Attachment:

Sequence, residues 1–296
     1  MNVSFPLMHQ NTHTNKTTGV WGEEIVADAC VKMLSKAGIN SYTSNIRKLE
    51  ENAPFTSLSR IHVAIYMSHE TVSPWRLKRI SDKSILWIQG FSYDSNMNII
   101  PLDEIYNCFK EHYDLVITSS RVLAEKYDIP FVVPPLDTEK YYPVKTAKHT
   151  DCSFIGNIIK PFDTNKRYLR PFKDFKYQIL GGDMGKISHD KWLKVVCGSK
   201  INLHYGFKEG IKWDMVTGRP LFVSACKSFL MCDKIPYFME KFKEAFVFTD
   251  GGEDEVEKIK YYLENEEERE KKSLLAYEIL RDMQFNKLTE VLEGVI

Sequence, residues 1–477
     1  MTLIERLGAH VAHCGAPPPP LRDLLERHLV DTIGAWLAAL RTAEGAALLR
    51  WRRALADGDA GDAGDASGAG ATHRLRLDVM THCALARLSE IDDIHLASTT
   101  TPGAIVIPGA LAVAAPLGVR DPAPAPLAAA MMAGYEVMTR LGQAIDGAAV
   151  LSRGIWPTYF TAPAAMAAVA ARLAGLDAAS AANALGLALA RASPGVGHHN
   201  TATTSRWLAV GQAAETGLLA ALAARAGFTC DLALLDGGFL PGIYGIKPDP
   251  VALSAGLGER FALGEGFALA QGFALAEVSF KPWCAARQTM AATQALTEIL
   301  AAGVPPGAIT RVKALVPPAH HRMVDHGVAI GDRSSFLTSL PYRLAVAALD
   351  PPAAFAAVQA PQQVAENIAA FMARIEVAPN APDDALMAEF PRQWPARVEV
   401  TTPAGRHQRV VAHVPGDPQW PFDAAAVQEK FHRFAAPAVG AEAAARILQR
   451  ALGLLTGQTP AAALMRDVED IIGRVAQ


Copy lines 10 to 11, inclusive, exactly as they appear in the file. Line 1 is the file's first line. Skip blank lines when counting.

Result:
    51  WRRALADGDA GDAGDASGAG ATHRLRLDVM THCALARLSE IDDIHLASTT
   101  TPGAIVIPGA LAVAAPLGVR DPAPAPLAAA MMAGYEVMTR LGQAIDGAAV